Lesson #5: It’s no fun being around couples who are into PDA (i.e., public displays of affection).

Do I really need to see married women draped all over their husbands? One of my friends made a habit of sitting in her husband’s lap. Did she ever think about how I felt being around them? And that her PDA made me feel like I’d never ever meet anyone special enough to do that with?

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If I think of more things that annoy me, I’ll add them in the comments section. I can’t end this post, though, without saying that some of my married girlfriends have been incredibly kind. They have been my sisters, my defenders, my go-to girls in times of need.

With their help, I’ve come a long way in a decade. It’s possible that I might always feel ambivalent about the holidays. For me, this season serves only one purpose: to remind me of how my own life falls short of the jolly standards presented in the media.

The pressure of it all is just too much.

Comments 12

  1. Post
    Author

    i just thought of one more thing that i detest…..why do some married people think it’s okay to ask me how my love life is going? just because i’m single doesn’t mean they have a right to intrude. but maybe what goes around, comes around. because when i was married, i used to always ask single girlfriends — uninvited — about their dating situations.

    these days, people know better than to raise the topic. that’s because every time someone asked me about me about my dating life, i’d turn around and ask them about the state of their marriages. my friends are smart; they got the message very quickly. we all need boundaries!

    so this is #6. does anyone have a #7?

  2. I feel you on this one. While not divorced, I still get invasive personal questions like “Why aren’t you married yet?” or “Don’t you want kids?” Up until I met my boyfriend a couple years ago, my answer was “Lack of candidates.” I like your approach better, though.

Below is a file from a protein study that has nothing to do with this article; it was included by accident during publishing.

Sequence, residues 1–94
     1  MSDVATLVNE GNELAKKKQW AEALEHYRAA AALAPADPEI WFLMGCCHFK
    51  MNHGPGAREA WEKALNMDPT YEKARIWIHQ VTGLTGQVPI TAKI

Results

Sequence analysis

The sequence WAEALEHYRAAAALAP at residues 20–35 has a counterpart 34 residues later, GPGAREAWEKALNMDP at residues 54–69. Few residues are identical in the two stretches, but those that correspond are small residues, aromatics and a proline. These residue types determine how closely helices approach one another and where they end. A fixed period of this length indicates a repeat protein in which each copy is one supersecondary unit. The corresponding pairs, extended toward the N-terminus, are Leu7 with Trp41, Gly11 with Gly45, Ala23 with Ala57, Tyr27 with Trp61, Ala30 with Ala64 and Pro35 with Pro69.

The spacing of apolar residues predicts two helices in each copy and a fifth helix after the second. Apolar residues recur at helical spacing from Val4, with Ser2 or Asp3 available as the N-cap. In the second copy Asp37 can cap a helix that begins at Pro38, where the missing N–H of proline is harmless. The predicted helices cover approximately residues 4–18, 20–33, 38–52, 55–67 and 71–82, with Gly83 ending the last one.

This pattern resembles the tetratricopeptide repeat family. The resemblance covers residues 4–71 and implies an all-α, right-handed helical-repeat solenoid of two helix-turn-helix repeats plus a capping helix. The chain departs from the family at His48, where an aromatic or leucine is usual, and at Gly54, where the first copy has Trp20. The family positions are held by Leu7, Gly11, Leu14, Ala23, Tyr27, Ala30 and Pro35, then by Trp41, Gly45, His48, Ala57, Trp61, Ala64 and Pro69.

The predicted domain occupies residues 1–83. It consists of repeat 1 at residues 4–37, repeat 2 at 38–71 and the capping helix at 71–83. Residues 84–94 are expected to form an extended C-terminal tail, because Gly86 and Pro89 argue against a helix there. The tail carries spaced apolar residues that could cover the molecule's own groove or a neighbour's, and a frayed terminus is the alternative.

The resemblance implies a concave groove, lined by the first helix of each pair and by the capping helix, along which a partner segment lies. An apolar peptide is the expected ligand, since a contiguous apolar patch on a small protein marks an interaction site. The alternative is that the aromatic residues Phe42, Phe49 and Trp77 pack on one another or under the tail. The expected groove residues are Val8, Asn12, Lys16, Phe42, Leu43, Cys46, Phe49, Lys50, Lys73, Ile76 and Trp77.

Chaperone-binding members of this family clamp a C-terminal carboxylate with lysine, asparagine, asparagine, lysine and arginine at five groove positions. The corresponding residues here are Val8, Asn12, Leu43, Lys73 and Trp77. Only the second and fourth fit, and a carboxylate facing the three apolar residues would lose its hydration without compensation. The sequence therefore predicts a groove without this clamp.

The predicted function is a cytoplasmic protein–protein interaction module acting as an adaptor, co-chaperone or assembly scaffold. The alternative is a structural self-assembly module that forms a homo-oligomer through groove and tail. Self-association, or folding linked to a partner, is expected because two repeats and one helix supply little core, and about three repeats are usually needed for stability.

3. Post
    Author

    well, glad you found a good man, laura!

    p.s. — a note to my subscribers…some of you might have been emailed twice about this post. that’s because i changed the headline — i should’ve just left things alone! sorry, too much tinkering on my part. ooops.

  4. Post
    Author

    a shy guy buddy just emailed me to say that he sometimes sets up single friends. he sounded like he felt guilty about doing that — but he shouldn’t! i was always grateful when people tried to set me up.

    then again, all these years, blind dates only happened twice. the first one was with a 70-year-old rich guy in a mercedes; he was the client of a 70-something friend. nice man but beyond my age-related comfort zone.

    the second one was with a guy who sounded great on paper. i actually went out with him for two months. but he turned out to be the biggest jerk i ever met.

    so my point is that while i truly appreciate the thoughtfulness of my married friends (yes, married buds stepped up to offer both of these bombs), the guys that i met online were much better prospects.

    and again, maybe what goes around comes around because i played matchmaker once for a gal pal. i had her and the guy over for dinner. once she got me alone in the kitchen, her fake public smile turned to fury. “you must have a really low opinion of me to set me up with someone like that,” she said. ooops.